Now Streaming: EVANGELION: 3.0 + 1.0 THRICE UPON A TIME

Anno Hideaki does the impossible and pulls an emotionally satisfying end to the Evangelion franchise out of his hat.

Editor, Europe; Rotterdam, The Netherlands (@ardvark23)
Now Streaming: EVANGELION: 3.0 + 1.0 THRICE UPON A TIME
Let me start this review with apologizing for its late arrival. And no, I didn't do that on purpose to mock its subject's many delays.

Last March, the fourth and final film in the Evangelion reboot series was released in Japan and it turned out to be the most profitable one yet. Anno Hideaki's Evangelion franchise is 25 years old this year, and, in a timely fashion, he has finally made an ending to it. Not that it's the first time he did that. The title Evangelion: 3.0 + 1.0 Thrice Upon a Time might be seen as an ironic joke, and you can still wonder, even half a year after the film was released, if that actually will become the final title under which it will referenced in the future. It sure had plenty of different titles in the past...

Like the previous three films, I hoped to be able to catch Evangelion: 3.0 + 1.0 Thrice Upon a Time in a cinema, either in general release or at a festival. Unfortunately, the international distributor priced it out of the Dutch market, and sold streaming rights to Amazon Prime already. I waited a couple of months but with the year's end in sight (and COVID-lockdowns in effect again) I could no longer pretend this was going to be in any cinema near me soon. So I gritted my teeth, started the Prime app, sat very close to my television, and streamed it.

In the universe of the Evangelion franchise, contemporary Earth has been hit by a phenomenon called "Second Impact" (the "First Impact" being whatever killed off the dinosaurs). Because of it, half of the world's population is dead and the oceans are red and sterile. Worse: giant monsters attack Japan, trying to force a "Third Impact" which will finish the job of killing all humans. Thankfully, people have bundled their resources and built giant bio-mechanical robots to fight these monsters. The catch: these can only be piloted by very few people, and teenagers are the only successful pilots. So the job of saving the world, over and over again, falls on the small shoulders of Shinji, a traumatized boy with a minority complex. Hey, no pressure...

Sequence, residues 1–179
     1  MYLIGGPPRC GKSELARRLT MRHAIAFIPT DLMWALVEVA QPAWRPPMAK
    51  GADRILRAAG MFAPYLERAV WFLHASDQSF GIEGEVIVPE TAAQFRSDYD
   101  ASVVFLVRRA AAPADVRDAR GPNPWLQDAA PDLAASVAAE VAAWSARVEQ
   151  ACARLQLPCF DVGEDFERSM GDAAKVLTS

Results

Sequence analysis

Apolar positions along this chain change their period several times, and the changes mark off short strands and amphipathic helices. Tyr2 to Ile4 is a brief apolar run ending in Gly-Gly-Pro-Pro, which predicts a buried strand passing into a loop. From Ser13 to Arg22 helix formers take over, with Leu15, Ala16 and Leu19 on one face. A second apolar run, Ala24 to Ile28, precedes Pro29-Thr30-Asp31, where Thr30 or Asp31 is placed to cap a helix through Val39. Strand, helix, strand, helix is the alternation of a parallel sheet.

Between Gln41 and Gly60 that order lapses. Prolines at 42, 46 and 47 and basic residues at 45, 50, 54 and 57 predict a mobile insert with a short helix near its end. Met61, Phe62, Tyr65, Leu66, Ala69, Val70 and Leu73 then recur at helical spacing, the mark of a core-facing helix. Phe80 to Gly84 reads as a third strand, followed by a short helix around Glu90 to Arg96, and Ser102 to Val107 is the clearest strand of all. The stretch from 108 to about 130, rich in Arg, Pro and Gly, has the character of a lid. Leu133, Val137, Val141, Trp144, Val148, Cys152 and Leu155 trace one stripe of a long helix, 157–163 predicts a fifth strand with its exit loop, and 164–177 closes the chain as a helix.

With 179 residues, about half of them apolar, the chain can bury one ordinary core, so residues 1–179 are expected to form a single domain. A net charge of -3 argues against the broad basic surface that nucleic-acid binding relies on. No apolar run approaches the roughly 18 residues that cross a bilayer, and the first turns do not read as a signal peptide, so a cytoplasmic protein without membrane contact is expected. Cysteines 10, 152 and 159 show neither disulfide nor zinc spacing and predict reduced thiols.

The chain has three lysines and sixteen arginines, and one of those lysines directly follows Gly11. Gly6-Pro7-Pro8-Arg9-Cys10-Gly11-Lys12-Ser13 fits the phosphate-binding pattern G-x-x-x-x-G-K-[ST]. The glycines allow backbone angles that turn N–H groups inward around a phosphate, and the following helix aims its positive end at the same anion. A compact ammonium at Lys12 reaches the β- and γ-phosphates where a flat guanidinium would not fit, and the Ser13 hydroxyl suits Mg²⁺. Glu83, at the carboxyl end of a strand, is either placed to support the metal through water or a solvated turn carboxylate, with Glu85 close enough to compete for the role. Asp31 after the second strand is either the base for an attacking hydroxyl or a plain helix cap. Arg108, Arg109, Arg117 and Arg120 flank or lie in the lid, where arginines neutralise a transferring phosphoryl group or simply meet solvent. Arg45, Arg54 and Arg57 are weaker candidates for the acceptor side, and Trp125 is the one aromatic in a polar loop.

Evangelion3plus1review-ext1.jpgThis story was originally told in a television series, but Anno Hideaki wasn't satisfied with how that developed (long story...) and announced back in 2006 that he'd start over and tell it all again, decently this time, through four films. And here we are with film number four. Though the original Neon Genesis Evangelion series from 1995 cannot be seen through Prime (it's on Netflix), Amazon does have the three previous reboot films. A good thing that is too, because it makes no sense whatsoever to see Evangelion: 3.0 + 1.0 Thrice Upon a Time without having seen the others first. But for those who do make the effort, Anno provides a surprisingly solid end to this series, and, impressively, even to the whole quarter-century-long franchise.

He did take his time though... in my (negative) review of the previous film, Evangelion: 3.0 You Can (Not) Redo, I wrote: